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Montevideo, November 21st 2018 - 04:50 UTC

South African group awarded contract to build St Helena international airport

Friday, November 4th 2011 - 08:39 UTC
Full article 14 comments
“Momentous news for St. Helena”, said Governor Mark Capes “Momentous news for St. Helena”, said Governor Mark Capes

The St Helena Government this week entered into a contract with South Africa’s Basil Read (Pty) Ltd in the amount of £201.5 million for the design and construction of the airport, an additional up to £10 million in shared risk contingency, and £35.1 million for ten years of operation.

The Governor of St. Helena, Mark Capes, said, “This is momentous news for St Helena. It will give us the best chance we will ever have of reversing the economic decline of the last 50 years.

The announcement follows news from group Basil Read that reported it had been awarded a R2.7-billion contract to build and operate an airport on the isolated British Overseas Territory Island of St Helena, in the South Atlantic Ocean.

The island is currently connected to the rest of the world through the last remaining Royal Mail Ship, the RMS St Helena, which operates between Cape Town and the island.

CEO Marius Heyns told ‘Engineering News Online’ that the award followed from the reopening of a bidding process, which had previously been shelved.

Italian contractor Impregilo was awarded the initial contract, but the British government pulled back in light of the recent global economic turmoil.

But in January fresh design, build, operate and transfer bids were sought from both Impregilo and Basil Read, but only the South African group making a bid.

The UK government’s Department for International Development will fund the project, which will involve a small airport building, a 1.8-km runway, connect roads, a small harbour terminal, ancillary works, as well as the installation of air-traffic control systems.

The client would be the St Helena government, which sees the airport as key to improving logistics and supporting economic development.

Heyns says the design phase would begin immediately and he anticipates that construction could begin in May 2012. At peak construction, some 300 people will be employed on the project.

Most of the expertise would be derived from South Africa, but Basil Read has indicated that it will employ as many locals as possible in the building and the operation of the facility.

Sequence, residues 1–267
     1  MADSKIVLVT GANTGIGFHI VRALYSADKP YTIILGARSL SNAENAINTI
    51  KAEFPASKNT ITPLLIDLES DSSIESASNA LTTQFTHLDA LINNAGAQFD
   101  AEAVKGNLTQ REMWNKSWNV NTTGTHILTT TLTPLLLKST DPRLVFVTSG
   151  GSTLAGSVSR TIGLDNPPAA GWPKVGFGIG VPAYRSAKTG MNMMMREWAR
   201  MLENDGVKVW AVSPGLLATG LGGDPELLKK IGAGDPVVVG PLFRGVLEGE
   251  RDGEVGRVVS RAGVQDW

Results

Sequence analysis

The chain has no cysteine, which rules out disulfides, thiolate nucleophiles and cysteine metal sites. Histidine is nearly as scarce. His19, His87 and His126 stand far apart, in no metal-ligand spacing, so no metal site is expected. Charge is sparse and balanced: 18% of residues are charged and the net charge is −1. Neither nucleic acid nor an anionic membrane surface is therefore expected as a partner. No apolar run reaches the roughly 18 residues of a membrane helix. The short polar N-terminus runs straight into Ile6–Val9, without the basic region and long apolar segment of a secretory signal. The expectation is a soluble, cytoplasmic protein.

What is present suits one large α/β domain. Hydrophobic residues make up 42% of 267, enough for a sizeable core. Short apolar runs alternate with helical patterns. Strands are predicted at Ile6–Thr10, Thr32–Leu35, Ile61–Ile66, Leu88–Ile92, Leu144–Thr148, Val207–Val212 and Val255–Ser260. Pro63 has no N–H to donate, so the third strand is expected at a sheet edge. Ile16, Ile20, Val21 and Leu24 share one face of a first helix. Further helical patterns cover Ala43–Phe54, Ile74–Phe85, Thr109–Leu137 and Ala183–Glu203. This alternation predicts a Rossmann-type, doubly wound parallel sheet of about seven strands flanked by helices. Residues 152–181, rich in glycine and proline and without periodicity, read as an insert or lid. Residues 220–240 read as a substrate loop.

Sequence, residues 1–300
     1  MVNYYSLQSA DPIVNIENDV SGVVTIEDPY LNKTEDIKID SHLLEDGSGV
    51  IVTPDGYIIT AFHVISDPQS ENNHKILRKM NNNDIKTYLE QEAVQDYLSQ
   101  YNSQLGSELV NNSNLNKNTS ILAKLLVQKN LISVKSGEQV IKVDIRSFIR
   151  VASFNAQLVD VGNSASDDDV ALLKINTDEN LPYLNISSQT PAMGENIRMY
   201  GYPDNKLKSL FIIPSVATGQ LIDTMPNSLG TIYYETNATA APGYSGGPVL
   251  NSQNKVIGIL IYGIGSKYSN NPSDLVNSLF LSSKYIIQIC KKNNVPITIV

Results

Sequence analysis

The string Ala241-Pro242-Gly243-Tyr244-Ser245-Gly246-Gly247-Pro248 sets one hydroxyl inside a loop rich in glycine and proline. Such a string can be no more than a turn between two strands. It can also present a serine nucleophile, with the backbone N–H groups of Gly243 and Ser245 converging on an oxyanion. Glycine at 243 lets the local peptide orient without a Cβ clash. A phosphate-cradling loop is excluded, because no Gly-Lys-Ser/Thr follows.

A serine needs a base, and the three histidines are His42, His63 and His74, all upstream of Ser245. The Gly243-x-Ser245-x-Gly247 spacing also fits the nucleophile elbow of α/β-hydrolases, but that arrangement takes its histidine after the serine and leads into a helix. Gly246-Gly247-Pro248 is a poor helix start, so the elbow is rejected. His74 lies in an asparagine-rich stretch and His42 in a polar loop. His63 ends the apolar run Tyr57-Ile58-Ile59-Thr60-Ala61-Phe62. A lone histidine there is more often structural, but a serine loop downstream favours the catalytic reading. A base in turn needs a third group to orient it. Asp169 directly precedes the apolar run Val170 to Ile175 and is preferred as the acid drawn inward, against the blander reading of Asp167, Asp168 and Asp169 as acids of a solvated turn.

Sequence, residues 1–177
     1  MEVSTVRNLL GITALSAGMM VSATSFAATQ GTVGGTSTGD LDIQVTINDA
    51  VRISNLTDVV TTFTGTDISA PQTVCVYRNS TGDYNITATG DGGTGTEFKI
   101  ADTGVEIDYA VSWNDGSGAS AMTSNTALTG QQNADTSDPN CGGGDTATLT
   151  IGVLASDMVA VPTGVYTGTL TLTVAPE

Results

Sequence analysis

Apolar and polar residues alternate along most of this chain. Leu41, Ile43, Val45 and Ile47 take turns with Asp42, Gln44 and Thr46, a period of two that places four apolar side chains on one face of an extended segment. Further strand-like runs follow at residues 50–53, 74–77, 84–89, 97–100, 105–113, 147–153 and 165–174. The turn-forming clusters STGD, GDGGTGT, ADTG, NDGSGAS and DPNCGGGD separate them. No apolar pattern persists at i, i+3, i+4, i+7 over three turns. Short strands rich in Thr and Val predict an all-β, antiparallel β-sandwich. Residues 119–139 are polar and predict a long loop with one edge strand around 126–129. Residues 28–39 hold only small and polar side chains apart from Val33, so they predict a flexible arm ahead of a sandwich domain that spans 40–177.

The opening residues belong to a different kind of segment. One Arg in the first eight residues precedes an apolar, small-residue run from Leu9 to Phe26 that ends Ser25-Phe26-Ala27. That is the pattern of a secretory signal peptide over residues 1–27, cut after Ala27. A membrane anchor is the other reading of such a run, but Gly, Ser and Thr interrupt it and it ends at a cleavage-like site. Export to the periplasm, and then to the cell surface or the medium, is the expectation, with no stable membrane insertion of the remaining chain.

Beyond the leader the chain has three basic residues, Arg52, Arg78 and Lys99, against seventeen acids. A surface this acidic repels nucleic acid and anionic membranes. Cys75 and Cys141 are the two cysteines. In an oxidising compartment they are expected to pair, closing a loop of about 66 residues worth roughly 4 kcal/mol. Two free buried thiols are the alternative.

Construction will take place over a 48-month period, while operation of the airport will continue for ten years at a contract value of about 450 million Rand.

Basil Read’s operational expertise would be drawn from its joint venture relationship with the Lanseria Airport, in Gauteng. The award has increased the size of Basil Read’s order book to R12.5-billion. The company’s order backlog stood at R10.2-billion at the end of June.
 

Top Comments

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  • stillakelper

    Good news for our St Helenian friends; and there's a few nails flying out of the coffin.

    Nov 04th, 2011 - 10:45 am 0
  • GeoffWard2

    Looking at the map, it is exactly halfway between England RAF and The Falkland Islands !

    A long runway to handle the biggest military air freighters/troop carriers. Perhaps anticipating a long-distance version of the Berlin Airlift.
    A long way but VERY fast.

    Good contingency, and only agreed at this time because of the Argentinian rhetoric. Talk up a problem and get a response - probably not the one that was anticipated in BA, however.

    Nov 04th, 2011 - 01:20 pm 0
  • Conqueror

    Bear in mind that St Helena is only 750 miles from Ascension Island. However, with the RAF's new Airbus Voyager MRTT aircraft, this could easily double what Britain could fly in to the Falklands at need. Particularly, using shuttles where Voyagers are used to transport troops and refuel Typhoons on their way to Ascension. Then a short hop in, say, C-17s or even Hercules from Ascension to St Helena, and then onward in more Voyagers as transports and tankers. Checking the Voyager's range, they probably wouldn't even have to land at Mount Pleasant if they were just tankers. Just refuel the Typhoons 1,000 miles out and turn back. The Typhoons would arrive with their tanks still half-full. A single Voyager could fully refuel around 15 Typhoons. Mind you, they'd probably prefer to arrive a squadron at a time.

    This is looking good. Fly in a couple of squadrons of Typhoons and then, with an effective CAP and air superiority in place, start ferrying in the troops, armour etc.

    Nov 04th, 2011 - 02:19 pm 0
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